earthquakes

Joe Wertz / StateImpact Oklahoma

Oklahoma’s insurance commissioner has formally declared the state’s market for earthquake insurance is “uncompetitive.” The regulator says Oklahomans are unfairly limited when shopping for quake insurance.

119 companies sell earthquake insurance in Oklahoma, but Commissioner John Doak says just four companies have controlled more than half the market in recent years.

The commissioner says the industry has moved to raise rates and limit coverage as the shaking — linked to oil and gas activity — surged.

Oklahoma oil and gas companies are asking a federal judge to dismiss a lawsuit filed by members of an environmental group that seeks to reduce production waste that could be fueling a spike in earthquakes.

Oklahoma Insurance Commissioner John Doak is considering regulations that create a “file-and-use” system for earthquake insurance policies, “meaning insurers would have to submit rate increases to the Oklahoma Insurance Department in advance,” The Oklahoman’s Brianna Bailey reports.

Insurance companies moved to limit their exposure as Oklahoma’s earthquake rate exploded, according to an investigation by Reuters.

Examining thousands of pages of documents from the Oklahoma Insurance Commission, reporter Luc Cohen found the efforts by nearly a dozen insurance companies “often occurred at the expense of homeowners”:

Watch the 60 Minutes report on the high incidence of earthquakes in Oklahoma.

Joe Wertz / StateImpact Oklahoma

Federal researchers feared Oklahomans were getting inaccurate information and inadequate warnings from state government scientists and officials tasked with studying and responding to a surge of earthquakes linked to oil and gas activity, a StateImpact investigation has found.

‘ALARM BELLS’

The Oklahoma Department of Transportation has changed its post-earthquake bridge-inspection plan after a year-long study showed no structural damage from seismic activity.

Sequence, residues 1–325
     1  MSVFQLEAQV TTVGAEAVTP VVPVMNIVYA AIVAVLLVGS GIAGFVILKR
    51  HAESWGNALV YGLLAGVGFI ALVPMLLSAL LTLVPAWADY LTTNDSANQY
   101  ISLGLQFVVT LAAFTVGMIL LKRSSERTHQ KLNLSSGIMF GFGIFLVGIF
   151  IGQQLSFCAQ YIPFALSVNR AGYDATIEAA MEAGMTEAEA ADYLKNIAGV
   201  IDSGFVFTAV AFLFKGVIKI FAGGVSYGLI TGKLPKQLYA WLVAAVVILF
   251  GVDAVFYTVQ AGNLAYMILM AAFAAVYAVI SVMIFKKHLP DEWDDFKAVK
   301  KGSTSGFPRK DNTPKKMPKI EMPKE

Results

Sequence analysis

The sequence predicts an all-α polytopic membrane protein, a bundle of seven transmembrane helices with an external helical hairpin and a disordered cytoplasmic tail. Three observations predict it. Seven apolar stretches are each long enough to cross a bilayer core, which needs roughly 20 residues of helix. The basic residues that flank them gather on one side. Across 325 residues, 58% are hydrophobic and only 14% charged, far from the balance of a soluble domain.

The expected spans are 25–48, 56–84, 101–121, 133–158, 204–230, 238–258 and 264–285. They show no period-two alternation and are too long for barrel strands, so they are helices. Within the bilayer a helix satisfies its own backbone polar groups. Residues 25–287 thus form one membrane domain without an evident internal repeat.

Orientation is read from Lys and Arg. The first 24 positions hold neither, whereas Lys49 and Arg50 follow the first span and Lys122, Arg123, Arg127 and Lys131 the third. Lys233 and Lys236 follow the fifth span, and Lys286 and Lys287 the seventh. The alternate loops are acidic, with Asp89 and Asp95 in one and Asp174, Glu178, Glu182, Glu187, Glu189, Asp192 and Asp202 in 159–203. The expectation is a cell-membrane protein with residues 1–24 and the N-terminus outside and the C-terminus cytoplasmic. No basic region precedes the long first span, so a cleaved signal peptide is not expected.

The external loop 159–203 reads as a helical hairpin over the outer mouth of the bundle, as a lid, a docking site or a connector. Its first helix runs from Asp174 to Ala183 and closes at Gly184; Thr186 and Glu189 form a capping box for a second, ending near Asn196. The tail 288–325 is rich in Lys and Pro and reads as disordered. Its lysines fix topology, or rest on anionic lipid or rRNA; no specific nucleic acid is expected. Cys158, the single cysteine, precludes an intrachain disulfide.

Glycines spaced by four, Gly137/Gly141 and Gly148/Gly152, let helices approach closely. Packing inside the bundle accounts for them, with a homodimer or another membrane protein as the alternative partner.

Under the new plan, which went into effect April 1, ODOT will only inspect bridges after magnitude 4.7 or greater quakes. Regions where bridge inspections are required will expand as earthquake intensity increases:

4.7 to 4.8 magnitude — 5-mile inspection radius;

Some parts of Oklahoma and Texas now have about the same risk of an earthquake as parts of California, according to the U.S. Geological Survey.

The big difference is, the quakes in Oklahoma and Texas are "induced" — they're caused by oil and gas operations that pump wastewater down into underground wells.

This Week in Oklahoma Politics, KOSU's Michael Cross talks with ACLU Oklahoma Executive Director Ryan Kiesel and Republican Political Consultant Neva Hill about the lack of any real movement on the budget despite hitting the halfway mark in the legislative session, the Oklahoma Health Care Authority proposes 25% cuts in Medicaid reimbursements and the new academic standards pass without interference from lawmakers.

Joe Wertz / StateImpact Oklahoma

The U.S. Geological Survey on Monday released new maps and models showing Oklahoma has the highest risk for potential shaking from human-triggered earthquakes.

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